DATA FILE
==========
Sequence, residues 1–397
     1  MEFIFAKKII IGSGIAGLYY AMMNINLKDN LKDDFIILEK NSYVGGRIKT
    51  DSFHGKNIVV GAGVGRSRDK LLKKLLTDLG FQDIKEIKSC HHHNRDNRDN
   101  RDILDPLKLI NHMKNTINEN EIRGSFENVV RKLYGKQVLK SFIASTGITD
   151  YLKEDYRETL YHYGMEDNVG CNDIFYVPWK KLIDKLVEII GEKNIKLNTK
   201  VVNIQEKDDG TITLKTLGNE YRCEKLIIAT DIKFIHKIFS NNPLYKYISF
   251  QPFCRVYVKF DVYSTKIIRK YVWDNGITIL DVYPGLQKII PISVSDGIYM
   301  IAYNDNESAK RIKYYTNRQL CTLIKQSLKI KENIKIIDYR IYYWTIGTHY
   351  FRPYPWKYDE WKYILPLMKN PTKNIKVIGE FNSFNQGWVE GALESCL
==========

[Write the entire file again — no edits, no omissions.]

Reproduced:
Sequence, residues 1–397
     1  MEFIFAKKII IGSGIAGLYY AMMNINLKDN LKDDFIILEK NSYVGGRIKT
    51  DSFHGKNIVV GAGVGRSRDK LLKKLLTDLG FQDIKEIKSC HHHNRDNRDN
   101  RDILDPLKLI NHMKNTINEN EIRGSFENVV RKLYGKQVLK SFIASTGITD
   151  YLKEDYRETL YHYGMEDNVG CNDIFYVPWK KLIDKLVEII GEKNIKLNTK
   201  VVNIQEKDDG TITLKTLGNE YRCEKLIIAT DIKFIHKIFS NNPLYKYISF
   251  QPFCRVYVKF DVYSTKIIRK YVWDNGITIL DVYPGLQKII PISVSDGIYM
   301  IAYNDNESAK RIKYYTNRQL CTLIKQSLKI KENIKIIDYR IYYWTIGTHY
   351  FRPYPWKYDE WKYILPLMKN PTKNIKVIGE FNSFNQGWVE GALESCL